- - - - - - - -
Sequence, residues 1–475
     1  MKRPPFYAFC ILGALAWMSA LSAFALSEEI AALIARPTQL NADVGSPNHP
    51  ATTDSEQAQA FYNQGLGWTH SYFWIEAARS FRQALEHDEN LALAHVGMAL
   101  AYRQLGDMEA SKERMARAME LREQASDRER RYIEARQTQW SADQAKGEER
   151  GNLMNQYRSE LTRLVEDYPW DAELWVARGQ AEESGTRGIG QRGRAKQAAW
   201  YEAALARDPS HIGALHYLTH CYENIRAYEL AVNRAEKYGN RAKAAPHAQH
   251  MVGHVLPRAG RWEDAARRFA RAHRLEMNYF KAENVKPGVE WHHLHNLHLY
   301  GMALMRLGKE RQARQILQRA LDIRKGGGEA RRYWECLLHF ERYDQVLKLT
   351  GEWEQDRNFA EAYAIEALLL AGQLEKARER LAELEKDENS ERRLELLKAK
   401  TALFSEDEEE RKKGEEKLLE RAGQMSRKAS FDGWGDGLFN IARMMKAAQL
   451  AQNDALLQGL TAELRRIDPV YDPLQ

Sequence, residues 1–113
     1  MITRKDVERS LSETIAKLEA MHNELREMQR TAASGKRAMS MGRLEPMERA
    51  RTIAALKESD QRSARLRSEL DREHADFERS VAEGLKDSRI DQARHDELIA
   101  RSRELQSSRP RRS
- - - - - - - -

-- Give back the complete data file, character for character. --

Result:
Sequence, residues 1–475
     1  MKRPPFYAFC ILGALAWMSA LSAFALSEEI AALIARPTQL NADVGSPNHP
    51  ATTDSEQAQA FYNQGLGWTH SYFWIEAARS FRQALEHDEN LALAHVGMAL
   101  AYRQLGDMEA SKERMARAME LREQASDRER RYIEARQTQW SADQAKGEER
   151  GNLMNQYRSE LTRLVEDYPW DAELWVARGQ AEESGTRGIG QRGRAKQAAW
   201  YEAALARDPS HIGALHYLTH CYENIRAYEL AVNRAEKYGN RAKAAPHAQH
   251  MVGHVLPRAG RWEDAARRFA RAHRLEMNYF KAENVKPGVE WHHLHNLHLY
   301  GMALMRLGKE RQARQILQRA LDIRKGGGEA RRYWECLLHF ERYDQVLKLT
   351  GEWEQDRNFA EAYAIEALLL AGQLEKARER LAELEKDENS ERRLELLKAK
   401  TALFSEDEEE RKKGEEKLLE RAGQMSRKAS FDGWGDGLFN IARMMKAAQL
   451  AQNDALLQGL TAELRRIDPV YDPLQ

Sequence, residues 1–113
     1  MITRKDVERS LSETIAKLEA MHNELREMQR TAASGKRAMS MGRLEPMERA
    51  RTIAALKESD QRSARLRSEL DREHADFERS VAEGLKDSRI DQARHDELIA
   101  RSRELQSSRP RRS